Arch of Triumph (novel)

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Arch of Triumph
ArchOfTriumph.jpg
First US edition
AuthorErich Maria Remarque
Original titleArc de Triomphe
TranslatorWalter Sorell and Denver Lindley
CountryUnited States
LanguageGerman
GenreWar novel
PublisherAppleton-Century (US)
Publication date
1945
Media typePrint (hardcover & paperback)
Pages455 pp
OCLC296103

Arch of Triumph (German: Arc de Triomphe) is a 1945 novel by Erich Maria Remarque about stateless refugees in Paris before World War II. Written during his exile in the United States (1939–1948), it was his second worldwide bestseller, after All Quiet on the Western Front.[1] It was made into a feature film starring Ingrid Bergman and Charles Boyer in 1948 and into a television film starring Anthony Hopkins and Lesley-Anne Down in 1984.[2]

Plot[edit]

The novel is set in Paris, in 1939. Despite having no permission to perform surgery, stateless refugee Ravic, a very accomplished German surgeon, has been “ghost-operating” on patients for two years on the behalf of two less-skillful French physicians.

Unwilling to return to Nazi Germany, which has stripped him of his citizenship, and unable to exist legally anywhere else in pre-war western Europe, Ravic manages to hang on. He is one of many displaced persons, without passports or any other documents, who live under a constant threat of being captured and deported from one country to the next, and back again.

Ravic has given up on the possibility of love, but life has a curious way of taking a turn for the romantic, even during the worst of times.

Main characters[edit]

  • Ravic – a refugee surgeon from Germany who has no citizenship (his real name is Ludwig Fresenburg)
  • Joan Madou – actress, singer. Her father is Romanian, her mother is Italian. She spent her childhood in Italy.
  • Haake – a German Gestapo man who tortured Ravic and committed his beloved girl Sibylla to suicide. Killed by Ravic at the end of the novel.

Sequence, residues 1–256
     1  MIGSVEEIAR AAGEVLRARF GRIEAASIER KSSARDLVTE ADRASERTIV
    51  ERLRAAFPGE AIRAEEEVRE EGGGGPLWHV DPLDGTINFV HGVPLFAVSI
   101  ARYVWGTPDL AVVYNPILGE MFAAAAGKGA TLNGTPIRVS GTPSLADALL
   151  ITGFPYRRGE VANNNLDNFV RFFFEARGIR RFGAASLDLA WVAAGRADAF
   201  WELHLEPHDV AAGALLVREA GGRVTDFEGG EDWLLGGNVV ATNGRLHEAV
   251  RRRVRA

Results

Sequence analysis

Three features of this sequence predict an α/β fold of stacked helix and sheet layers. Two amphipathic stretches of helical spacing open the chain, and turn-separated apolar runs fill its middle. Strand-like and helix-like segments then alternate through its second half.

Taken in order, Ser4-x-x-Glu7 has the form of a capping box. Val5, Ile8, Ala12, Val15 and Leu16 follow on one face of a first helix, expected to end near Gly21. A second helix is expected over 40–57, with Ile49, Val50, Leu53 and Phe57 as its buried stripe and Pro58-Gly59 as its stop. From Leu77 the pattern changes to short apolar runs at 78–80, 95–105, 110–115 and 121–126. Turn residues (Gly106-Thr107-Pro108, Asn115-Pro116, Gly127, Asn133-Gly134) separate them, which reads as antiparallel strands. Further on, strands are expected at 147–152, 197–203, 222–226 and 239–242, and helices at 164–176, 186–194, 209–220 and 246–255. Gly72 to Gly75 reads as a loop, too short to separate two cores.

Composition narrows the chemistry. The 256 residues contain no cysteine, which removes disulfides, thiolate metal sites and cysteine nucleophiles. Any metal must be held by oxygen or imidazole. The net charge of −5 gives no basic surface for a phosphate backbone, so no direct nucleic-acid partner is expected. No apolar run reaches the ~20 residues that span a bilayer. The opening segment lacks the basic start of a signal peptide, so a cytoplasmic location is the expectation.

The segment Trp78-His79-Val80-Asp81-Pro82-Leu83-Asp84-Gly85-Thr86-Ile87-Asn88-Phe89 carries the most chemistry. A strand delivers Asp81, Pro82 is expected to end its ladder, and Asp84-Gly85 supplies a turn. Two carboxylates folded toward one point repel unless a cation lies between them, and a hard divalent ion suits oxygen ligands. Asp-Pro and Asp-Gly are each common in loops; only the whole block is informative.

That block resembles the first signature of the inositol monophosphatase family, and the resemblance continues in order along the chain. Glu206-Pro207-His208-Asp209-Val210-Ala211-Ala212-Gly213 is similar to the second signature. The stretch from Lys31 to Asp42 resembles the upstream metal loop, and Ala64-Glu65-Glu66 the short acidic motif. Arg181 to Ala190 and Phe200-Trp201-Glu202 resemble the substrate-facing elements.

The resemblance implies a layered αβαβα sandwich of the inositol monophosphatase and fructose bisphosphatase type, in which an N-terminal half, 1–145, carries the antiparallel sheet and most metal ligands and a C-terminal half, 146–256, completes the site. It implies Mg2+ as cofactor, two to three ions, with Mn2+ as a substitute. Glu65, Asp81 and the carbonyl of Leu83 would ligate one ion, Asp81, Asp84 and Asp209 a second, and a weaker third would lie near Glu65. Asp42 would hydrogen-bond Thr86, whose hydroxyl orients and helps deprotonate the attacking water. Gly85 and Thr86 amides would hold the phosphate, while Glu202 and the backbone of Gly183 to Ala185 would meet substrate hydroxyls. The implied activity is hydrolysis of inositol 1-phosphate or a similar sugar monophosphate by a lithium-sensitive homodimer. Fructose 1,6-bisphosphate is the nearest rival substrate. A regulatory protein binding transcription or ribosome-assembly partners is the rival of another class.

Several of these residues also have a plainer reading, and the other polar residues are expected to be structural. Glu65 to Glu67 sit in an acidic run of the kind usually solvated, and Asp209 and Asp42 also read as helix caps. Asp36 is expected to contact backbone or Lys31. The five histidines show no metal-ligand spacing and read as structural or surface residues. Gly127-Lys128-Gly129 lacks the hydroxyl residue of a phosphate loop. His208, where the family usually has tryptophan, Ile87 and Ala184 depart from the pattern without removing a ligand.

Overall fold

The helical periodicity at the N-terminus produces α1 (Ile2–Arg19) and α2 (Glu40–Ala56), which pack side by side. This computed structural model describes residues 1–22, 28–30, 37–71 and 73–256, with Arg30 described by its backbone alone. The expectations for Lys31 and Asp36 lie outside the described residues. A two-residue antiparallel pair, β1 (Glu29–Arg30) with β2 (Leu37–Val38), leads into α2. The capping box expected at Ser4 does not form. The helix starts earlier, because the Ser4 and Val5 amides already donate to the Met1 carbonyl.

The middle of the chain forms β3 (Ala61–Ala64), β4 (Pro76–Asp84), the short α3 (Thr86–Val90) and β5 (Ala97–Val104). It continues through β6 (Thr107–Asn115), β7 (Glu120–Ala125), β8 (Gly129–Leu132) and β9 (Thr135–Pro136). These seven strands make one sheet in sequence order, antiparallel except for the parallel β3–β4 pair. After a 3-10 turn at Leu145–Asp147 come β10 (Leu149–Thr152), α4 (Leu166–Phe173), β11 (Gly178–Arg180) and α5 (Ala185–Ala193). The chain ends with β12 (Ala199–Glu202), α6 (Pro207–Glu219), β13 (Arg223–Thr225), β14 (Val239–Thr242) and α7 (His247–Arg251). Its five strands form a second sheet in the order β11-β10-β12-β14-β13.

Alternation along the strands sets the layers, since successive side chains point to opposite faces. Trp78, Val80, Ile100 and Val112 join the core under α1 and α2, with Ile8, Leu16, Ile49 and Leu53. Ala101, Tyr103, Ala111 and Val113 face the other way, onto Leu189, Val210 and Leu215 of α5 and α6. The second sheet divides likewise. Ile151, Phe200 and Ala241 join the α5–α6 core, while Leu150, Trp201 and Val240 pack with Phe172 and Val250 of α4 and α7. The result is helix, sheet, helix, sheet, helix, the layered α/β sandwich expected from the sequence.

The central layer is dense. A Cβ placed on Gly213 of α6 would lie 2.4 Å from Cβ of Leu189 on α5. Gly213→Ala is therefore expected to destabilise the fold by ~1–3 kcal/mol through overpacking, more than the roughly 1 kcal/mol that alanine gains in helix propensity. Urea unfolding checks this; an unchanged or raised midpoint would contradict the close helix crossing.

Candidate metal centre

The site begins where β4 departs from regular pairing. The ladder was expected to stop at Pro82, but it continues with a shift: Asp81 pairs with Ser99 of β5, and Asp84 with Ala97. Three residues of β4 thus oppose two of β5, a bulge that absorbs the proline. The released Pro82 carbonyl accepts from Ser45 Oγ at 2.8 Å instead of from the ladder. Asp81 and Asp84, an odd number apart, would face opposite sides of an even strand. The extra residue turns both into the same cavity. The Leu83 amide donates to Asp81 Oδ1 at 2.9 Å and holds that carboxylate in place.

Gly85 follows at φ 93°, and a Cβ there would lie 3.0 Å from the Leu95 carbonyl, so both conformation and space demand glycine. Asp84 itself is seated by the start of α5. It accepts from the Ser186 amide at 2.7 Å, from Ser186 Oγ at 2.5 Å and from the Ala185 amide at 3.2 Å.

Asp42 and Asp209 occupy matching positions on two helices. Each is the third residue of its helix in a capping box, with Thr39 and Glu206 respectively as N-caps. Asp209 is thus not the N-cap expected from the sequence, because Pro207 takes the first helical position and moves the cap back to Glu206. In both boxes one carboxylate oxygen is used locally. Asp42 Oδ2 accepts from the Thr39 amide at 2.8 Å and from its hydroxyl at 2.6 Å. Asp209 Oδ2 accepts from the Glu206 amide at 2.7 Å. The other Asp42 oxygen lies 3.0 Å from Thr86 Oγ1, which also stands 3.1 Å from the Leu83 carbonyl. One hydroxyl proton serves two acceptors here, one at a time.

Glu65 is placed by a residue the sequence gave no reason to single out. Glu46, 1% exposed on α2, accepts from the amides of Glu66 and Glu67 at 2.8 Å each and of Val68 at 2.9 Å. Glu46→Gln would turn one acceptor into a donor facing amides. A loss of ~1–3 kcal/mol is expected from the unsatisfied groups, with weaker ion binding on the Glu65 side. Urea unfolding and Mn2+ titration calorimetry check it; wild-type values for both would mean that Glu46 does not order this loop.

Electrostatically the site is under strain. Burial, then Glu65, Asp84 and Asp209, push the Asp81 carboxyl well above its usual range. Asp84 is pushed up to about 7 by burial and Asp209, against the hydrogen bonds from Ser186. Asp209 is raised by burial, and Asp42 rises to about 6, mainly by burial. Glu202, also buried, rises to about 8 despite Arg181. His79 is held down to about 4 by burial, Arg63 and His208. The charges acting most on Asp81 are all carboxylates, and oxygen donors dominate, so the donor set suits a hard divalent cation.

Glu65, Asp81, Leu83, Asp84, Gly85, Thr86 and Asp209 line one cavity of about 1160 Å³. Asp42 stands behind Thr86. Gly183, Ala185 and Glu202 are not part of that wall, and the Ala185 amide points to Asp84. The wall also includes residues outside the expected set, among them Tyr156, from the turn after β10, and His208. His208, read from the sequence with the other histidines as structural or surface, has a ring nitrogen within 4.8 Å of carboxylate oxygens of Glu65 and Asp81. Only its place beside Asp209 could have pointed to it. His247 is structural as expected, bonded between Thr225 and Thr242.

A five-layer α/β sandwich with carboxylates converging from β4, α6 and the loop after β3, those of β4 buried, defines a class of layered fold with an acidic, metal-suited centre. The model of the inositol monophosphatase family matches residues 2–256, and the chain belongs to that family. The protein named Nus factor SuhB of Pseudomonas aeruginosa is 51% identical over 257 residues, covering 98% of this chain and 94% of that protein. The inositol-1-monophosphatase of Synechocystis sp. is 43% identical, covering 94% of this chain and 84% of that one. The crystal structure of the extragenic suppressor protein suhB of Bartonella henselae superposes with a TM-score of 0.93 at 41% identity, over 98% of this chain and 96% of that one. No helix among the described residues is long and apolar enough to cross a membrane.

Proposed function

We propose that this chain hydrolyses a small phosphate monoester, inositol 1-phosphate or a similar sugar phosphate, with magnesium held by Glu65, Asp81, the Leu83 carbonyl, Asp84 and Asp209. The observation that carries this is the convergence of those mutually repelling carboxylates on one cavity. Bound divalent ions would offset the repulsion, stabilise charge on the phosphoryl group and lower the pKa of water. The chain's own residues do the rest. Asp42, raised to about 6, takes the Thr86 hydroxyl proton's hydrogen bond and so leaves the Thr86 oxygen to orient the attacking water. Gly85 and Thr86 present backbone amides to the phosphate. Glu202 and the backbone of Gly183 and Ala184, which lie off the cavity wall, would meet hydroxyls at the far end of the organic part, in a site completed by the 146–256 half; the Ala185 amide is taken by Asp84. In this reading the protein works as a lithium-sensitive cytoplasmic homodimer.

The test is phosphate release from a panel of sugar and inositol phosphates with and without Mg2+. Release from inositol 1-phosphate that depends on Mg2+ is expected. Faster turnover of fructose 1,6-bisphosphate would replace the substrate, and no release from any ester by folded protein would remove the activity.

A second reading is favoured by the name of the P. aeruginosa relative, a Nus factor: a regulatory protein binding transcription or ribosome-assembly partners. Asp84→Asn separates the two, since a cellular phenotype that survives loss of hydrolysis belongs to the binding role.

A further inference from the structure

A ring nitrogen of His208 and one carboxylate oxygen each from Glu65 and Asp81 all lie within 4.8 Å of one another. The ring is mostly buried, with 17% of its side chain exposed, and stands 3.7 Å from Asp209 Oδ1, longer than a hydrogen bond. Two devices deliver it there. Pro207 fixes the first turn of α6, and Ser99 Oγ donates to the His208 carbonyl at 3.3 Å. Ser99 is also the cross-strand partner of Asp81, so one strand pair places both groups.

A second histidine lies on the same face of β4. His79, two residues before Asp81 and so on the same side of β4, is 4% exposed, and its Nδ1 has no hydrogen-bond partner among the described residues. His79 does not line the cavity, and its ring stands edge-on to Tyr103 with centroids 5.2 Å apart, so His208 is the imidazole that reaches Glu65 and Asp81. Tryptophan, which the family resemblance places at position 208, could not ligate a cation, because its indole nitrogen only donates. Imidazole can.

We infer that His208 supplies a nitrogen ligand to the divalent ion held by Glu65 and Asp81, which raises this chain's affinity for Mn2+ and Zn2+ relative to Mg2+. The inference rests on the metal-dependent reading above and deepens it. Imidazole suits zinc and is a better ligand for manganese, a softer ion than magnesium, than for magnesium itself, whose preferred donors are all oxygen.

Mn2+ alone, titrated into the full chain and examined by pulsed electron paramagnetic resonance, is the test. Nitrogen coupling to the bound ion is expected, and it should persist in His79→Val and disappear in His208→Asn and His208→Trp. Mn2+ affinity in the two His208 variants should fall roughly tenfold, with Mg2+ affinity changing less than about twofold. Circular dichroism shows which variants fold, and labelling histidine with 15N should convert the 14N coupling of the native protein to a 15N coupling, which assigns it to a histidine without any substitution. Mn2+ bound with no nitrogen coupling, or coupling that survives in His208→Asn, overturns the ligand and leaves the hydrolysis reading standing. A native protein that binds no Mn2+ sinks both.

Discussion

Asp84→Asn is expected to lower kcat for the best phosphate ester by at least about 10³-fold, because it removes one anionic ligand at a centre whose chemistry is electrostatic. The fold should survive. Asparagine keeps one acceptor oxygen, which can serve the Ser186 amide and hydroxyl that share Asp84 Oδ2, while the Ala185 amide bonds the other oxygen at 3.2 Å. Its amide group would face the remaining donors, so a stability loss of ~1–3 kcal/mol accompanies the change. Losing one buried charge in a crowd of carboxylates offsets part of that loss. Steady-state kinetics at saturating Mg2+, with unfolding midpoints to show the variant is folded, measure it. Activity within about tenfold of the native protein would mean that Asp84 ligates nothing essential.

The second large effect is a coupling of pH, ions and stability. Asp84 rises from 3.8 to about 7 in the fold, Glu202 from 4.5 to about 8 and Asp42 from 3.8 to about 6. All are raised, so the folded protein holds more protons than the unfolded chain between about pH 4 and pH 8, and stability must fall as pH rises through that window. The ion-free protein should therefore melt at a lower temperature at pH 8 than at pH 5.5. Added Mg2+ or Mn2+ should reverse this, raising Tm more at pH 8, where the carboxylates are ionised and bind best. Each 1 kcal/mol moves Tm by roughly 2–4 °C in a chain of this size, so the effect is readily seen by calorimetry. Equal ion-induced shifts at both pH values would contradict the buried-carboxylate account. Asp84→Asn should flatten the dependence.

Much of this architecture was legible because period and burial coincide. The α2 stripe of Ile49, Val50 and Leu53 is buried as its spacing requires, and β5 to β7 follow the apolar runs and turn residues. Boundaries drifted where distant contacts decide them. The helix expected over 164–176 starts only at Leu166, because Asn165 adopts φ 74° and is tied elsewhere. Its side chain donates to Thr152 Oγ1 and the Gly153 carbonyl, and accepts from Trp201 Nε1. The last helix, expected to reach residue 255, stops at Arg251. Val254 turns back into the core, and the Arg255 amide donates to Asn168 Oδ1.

• Veber – a gynecologist from the Durand Clinic, Comrade Ravic; a family man, who loves to care for his own garden.
  • Durant – the famous doctor, the owner of the clinic. A good diagnostician but a poor surgeon, he hires other doctors who operate on patients instead of him.
  • Kate Hegstrom – an American, Ravic's first patient, sick with cancer. Returned to the U.S. on the SS Normandie.
  • Boris Morosow – a tall and strong 60-year-old bearded man, an émigré from Russia; there is a porter at the Scheherazade establishment. Dreams of revenge against the communists who tortured his father.
  • Aaron Goldberg – Ravich's neighbor at the 'Internationale' Hotel, hanged himself at the window
  • Ruth Goldberg – the wife of Aaron Goldberg. After the death of her husband, she sold his passport to another illegal immigrant.
  • Ernst Zeylenbaum – Doctor of Philology and Philosophy, an illegal migrant, lived for six years at the 'Internationale'.
  • Rosenfeld – an emigrant who sells unique paintings (Van Gogh, Cézanne, Gauguin, Sisley, Renoir, Delacroix) to survive
  • Jeannot – a 13-year-old boy who got into an accident. Ravic amputated his leg.
  • Lucienne – unsuccessfully performed an abortion with a non-professional midwife, and then went to the clinic, where she was operated on by Ravic. After the removal of the uterus, she continued to earn by prostitution.
  • Rolande – a brothel manager, acquaintance of Ravic since he comes to give examinations to the prostitutes in his capacity as doctor

Relationship to other works[edit]

Remarque's earlier novel, Flotsam, is also about the lives of stateless individuals. The character Ravic makes brief appearances in three of Remarque's other novels: Shadows in Paradise, The Promised Land and Game.

References[edit]